Happen to drive through Oak Bluffs or Vineyard Haven this weekend? You might have noticed pixie dust in the air, along with stirrings of Old Man Winter.
Yes, Fairy Tale Central! Two Island school theater productions — “Cinderella” and “Beauty and the Beast” — spread magic and make-believe this past Friday and Saturday evening (Sunday Oak Bluffs matinee).
Adapted from Rodgers and Hammerstein’s TV version, the tale of the overworked girl enchanted friends, family and theater buffs at the Tisbury School with strong casting and stirring musical numbers.
Reuben Fitzgerald, making his directorial debut, and long-standing music director Peter Boak expertly guided 23 7th and 8th graders, bringing Cinderella to life.
Fitzgerald worked with Boak, choreographer Cathy Weiss, costumer Alice Robinson and set designer Julie Brand, in choosing the right production for this year’s talent pool. “For my first effort I wanted something reliable,” Mr. Fitzgerald said.
“I like to have a good solid composer behind the production when we go to work,” Mr. Boak added.
The story? A rags-to-riches tale with glass slippers, magic carriages, curfews, and Prince Charming. Who could resist?
As the musical unfolds, Cinderella is keeping house for a villainous stepmother and two bumbling stepsisters. Demure Cinderella, beautifully played by Casey McAndrews, sings charmingly pleasingly of her hopes and dreams “In My Own Little Corner.”
But dreams won’t get Cinderella past the wicked stepmother or the insufferable stepsisters. Kaela Vecchia-Zeitz captured the righteous stepmother role perfectly with just the right amount of nerve — authoritative, sneering, and incipiently sweet.
And of course the “wickedness with glee” acorn doesn’t fall far from the tree for twins-in-real-life Megan and Michaela Piche, who played Portia and Joy. They stole the scene in the domineering, trumped-up, and lightly comical stepsister act singing “Stepsisters Lament.”
The evening’s “Standout” went to King Ben Nadelstein whose innocent but comedic timing and expressive personality played well in his duet “Your Majesties” with the delicately portrayed Queen, Olivia Jacobs.
Prince Max Santos commanded a restrained, believable performance befitting royal stature. His song “Do I Love You Because You’re Beautiful?” showcased unwavering vocal strength as he agonized over romantic options.
Though seen very little, but still a pivotal role, Fairy Godmother Nelly Katzman sparkled impish and Tinkerbelle-like, making the most of the stage in her catchy “It’s Impossible, It’s Possible” with Cinderella.
And the Carriage. Oh, the Carriage! The cleverly constructed and lighted “pumpkin” (by Kevin Ryan) absolutely stole the show in imagination and design.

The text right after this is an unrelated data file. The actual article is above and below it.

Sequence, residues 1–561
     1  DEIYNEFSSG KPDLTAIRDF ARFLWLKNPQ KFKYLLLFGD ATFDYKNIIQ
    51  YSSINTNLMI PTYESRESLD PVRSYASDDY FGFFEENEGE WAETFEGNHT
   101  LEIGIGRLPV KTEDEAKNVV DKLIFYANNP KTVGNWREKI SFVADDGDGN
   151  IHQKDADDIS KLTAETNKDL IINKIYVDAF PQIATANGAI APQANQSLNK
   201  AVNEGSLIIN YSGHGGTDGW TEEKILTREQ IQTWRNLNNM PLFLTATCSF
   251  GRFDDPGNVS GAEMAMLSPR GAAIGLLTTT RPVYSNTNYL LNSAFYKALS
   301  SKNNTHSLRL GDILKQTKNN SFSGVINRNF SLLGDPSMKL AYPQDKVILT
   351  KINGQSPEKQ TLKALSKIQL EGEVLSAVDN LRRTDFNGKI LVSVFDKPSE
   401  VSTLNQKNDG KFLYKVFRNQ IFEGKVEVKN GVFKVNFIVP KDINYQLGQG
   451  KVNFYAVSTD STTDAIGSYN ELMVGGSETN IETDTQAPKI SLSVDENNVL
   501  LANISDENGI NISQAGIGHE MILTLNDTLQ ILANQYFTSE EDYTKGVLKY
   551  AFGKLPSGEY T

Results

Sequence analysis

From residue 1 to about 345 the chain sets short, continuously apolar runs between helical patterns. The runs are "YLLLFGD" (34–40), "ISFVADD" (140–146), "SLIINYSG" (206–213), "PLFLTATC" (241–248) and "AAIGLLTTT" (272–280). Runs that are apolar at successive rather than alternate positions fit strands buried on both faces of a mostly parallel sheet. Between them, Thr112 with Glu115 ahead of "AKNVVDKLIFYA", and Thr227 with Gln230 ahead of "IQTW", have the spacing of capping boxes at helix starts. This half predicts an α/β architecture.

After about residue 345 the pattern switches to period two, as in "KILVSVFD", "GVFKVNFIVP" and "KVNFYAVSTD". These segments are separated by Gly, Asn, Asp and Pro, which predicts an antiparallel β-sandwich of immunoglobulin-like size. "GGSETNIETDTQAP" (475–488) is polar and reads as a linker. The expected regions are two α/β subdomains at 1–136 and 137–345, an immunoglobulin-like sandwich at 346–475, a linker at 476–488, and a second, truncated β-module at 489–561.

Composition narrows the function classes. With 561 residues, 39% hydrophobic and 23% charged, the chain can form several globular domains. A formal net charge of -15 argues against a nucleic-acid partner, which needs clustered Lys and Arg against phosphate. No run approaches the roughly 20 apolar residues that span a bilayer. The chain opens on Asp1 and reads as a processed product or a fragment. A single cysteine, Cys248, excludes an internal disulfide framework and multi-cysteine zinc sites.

Wise casting, effective sets, inventive costuming, toe-tapping music, spot-on direction — all made for a wonderfully balanced show.
…And then, the Beast
On a separate, equally commanding stage at the Oak Bluffs School, “Beauty and the Beast” reminded us that it’s what’s inside that counts. Veteran director Shelagh Smilie transformed her 50-plus actors, from second through eighth grade, into a cohesive musical, fit for any age.
“I wanted to play up kids’ natural storytelling talent,” Ms. Smilie said. “This production set is simple — a runway and performed in the round. So it’s really all about the kids.”
Working with music director Brian Weiland and costumer Kathryn Carson (lighting by Brad Austin), Ms. Smilie showcased extraordinary talent with ease.
The story? Everything you’d want from a maiden in distress — beauty, brains and the verve to find a way out of one hot mess.
Belle, magnificently portrayed by Belle Dinning, is a kind, devoted, daughter and a reader (nothing wrong with that role model, is there?). Dinning adeptly sings Belle’s personality to life in her debut, “Belle.”
But her tale actually begins with a backstory (through four versatile narrators): the thoughtless prince-turned-Beast, convincingly played by Oliver Carson, is spellbound and living in an enchanted castle until he learns the lesson of unconditional love.
Belle happens upon the castle while searching for her missing father, played devotedly by Wayman Harrison. In exchange for his release, she remains behind. The Beast eventually tames angry Belle and himself, with enchanted household help — the cohesive, sassy ensemble of Cogsworth the Clock (Tessa Whitaker), Lumière (James Robinson), Emma Caron as Babette, Danielle Hopkins as Mrs. Potts the teapot, Jasselle Wildanger as Chip, and Madame de la Grande Bouche (Shelby Regan). Their easy rhythm in song made for a suitably catchy “Be Our Guest” and their refrain soulful in “Beauty and the Beast.”
Cue angry boyfriend Gaston, played by Liam Weiland, and sidekick LeFou, a puckish Owen Engler. The duo poured their hearts into singing “Gaston,” and it showed. Eventually, Gaston fights the Beast, wounding him. Belle pledges true love; the Beast reverts to his princely self.
A full-scale finale complete with elementary-age human teacups tied it all together in a happy-ending bow with the all-cast song, “Home.”